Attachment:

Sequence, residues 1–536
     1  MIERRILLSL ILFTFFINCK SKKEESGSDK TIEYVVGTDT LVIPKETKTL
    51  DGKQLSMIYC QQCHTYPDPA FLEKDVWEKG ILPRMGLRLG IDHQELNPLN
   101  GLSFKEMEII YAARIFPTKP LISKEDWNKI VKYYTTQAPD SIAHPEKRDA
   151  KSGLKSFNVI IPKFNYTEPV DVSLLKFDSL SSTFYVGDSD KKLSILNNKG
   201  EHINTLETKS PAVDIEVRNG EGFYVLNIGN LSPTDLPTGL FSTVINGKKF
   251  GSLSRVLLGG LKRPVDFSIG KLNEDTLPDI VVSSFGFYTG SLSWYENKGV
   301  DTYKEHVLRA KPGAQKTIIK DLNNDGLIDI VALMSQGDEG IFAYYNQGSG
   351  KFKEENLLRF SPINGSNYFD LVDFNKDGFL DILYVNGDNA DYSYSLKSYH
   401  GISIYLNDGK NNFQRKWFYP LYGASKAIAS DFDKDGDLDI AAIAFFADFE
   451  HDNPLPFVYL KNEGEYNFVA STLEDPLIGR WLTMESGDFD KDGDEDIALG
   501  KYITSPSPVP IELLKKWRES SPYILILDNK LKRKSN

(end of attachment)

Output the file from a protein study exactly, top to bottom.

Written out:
Sequence, residues 1–536
     1  MIERRILLSL ILFTFFINCK SKKEESGSDK TIEYVVGTDT LVIPKETKTL
    51  DGKQLSMIYC QQCHTYPDPA FLEKDVWEKG ILPRMGLRLG IDHQELNPLN
   101  GLSFKEMEII YAARIFPTKP LISKEDWNKI VKYYTTQAPD SIAHPEKRDA
   151  KSGLKSFNVI IPKFNYTEPV DVSLLKFDSL SSTFYVGDSD KKLSILNNKG
   201  EHINTLETKS PAVDIEVRNG EGFYVLNIGN LSPTDLPTGL FSTVINGKKF
   251  GSLSRVLLGG LKRPVDFSIG KLNEDTLPDI VVSSFGFYTG SLSWYENKGV
   301  DTYKEHVLRA KPGAQKTIIK DLNNDGLIDI VALMSQGDEG IFAYYNQGSG
   351  KFKEENLLRF SPINGSNYFD LVDFNKDGFL DILYVNGDNA DYSYSLKSYH
   401  GISIYLNDGK NNFQRKWFYP LYGASKAIAS DFDKDGDLDI AAIAFFADFE
   451  HDNPLPFVYL KNEGEYNFVA STLEDPLIGR WLTMESGDFD KDGDEDIALG
   501  KYITSPSPVP IELLKKWRES SPYILILDNK LKRKSN